Humanities Scholars Program
Ph.D., Cornell University, 2020
M.A., Cornell University, 2017
B.S., Northwestern University, 2011
I am a historian of mathematics who specializes in Science and Technology Studies and American cultural history. My current book project, Making Mathematics American, examines the intersection of gender, professionalization, and abstraction during the early-twentieth-century growth of mathematics in the United States. By examining the technical development of modern mathematics alongside popular, administrative, and biographical sources, I show that while the foundational definition of mathematics was at stake around the turn of the century, so too were conceptions of what counted as mathematical work, who counted as a mathematician, and how each was thought to contribute to American society. Making Mathematics American points to the simultaneous consolidation and constriction of the category “mathematician” during the early twentieth century. In my next project, I establish what is essentially an inverted counterpart to the first by examining the postwar expansion of the category “mathematician” and related attempts to diversify the mathematics profession during the Cold War.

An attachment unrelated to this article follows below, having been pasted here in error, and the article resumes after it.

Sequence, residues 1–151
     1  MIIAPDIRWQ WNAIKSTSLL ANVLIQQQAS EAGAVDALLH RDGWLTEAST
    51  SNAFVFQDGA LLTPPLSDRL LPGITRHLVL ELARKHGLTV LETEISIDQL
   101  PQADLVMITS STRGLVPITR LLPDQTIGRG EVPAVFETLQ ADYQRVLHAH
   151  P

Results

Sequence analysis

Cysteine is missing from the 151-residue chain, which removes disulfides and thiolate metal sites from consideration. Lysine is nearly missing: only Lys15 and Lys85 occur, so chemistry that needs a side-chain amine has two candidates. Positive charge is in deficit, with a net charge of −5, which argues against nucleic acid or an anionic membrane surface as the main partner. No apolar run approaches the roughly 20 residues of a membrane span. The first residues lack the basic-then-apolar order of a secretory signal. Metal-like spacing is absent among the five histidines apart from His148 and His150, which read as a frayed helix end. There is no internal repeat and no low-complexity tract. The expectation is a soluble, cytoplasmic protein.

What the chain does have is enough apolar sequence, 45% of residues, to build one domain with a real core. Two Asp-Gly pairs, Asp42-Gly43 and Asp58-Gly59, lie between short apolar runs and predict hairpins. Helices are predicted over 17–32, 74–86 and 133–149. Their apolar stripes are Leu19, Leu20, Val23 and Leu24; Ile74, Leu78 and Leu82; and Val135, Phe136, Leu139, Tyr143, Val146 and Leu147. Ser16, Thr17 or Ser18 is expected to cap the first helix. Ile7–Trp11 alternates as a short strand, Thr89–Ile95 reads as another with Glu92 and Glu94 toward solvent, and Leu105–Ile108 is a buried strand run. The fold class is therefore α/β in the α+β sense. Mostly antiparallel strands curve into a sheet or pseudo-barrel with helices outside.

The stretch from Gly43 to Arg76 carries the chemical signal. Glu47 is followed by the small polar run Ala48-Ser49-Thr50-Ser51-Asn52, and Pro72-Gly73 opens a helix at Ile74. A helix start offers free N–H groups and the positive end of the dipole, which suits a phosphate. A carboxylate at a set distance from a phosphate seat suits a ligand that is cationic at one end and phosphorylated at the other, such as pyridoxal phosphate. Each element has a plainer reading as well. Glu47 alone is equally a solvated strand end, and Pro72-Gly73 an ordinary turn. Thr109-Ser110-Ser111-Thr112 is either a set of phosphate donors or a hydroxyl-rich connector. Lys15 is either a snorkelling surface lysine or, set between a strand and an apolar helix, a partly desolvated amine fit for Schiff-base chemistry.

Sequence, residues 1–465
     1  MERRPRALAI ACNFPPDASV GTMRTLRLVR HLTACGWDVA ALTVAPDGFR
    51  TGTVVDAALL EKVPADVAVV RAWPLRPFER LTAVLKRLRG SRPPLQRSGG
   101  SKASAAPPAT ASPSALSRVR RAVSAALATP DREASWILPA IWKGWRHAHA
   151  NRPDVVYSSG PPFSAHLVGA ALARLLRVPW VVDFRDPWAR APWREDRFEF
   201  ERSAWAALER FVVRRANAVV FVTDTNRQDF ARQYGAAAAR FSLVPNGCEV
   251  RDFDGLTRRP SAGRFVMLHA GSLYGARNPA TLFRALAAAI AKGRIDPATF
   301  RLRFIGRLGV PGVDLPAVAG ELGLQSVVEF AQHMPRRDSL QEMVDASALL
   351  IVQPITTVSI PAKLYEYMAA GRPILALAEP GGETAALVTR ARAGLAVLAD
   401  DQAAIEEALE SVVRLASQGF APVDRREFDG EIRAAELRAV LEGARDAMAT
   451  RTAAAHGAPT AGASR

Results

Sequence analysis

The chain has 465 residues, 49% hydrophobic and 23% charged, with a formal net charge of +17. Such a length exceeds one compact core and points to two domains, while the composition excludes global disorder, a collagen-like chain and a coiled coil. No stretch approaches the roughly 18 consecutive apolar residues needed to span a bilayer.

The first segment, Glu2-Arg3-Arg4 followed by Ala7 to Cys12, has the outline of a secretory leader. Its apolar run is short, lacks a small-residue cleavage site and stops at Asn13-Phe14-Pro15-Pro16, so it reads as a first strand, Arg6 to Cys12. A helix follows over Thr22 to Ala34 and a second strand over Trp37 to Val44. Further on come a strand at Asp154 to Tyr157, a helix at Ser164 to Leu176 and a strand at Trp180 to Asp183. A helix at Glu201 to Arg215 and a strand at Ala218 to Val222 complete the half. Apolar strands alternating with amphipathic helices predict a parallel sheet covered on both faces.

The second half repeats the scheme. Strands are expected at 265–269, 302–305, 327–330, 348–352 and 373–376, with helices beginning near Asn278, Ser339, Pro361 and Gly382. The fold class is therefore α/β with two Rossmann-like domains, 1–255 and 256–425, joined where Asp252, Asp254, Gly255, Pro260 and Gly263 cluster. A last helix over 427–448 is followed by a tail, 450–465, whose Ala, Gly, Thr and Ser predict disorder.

“An Inalienable Prerogative of a Liberated Spirit: Postulating American Mathematics.” British Journal for the History of Mathematics (2020): 1-21.
“‘Indebted to No One’: Grounding and Gendering the Self-Made Mathematician.” Historical Studies in the Natural Sciences 50, no. 3 (2020): 217-247.
British Society for the History of Mathematics Blog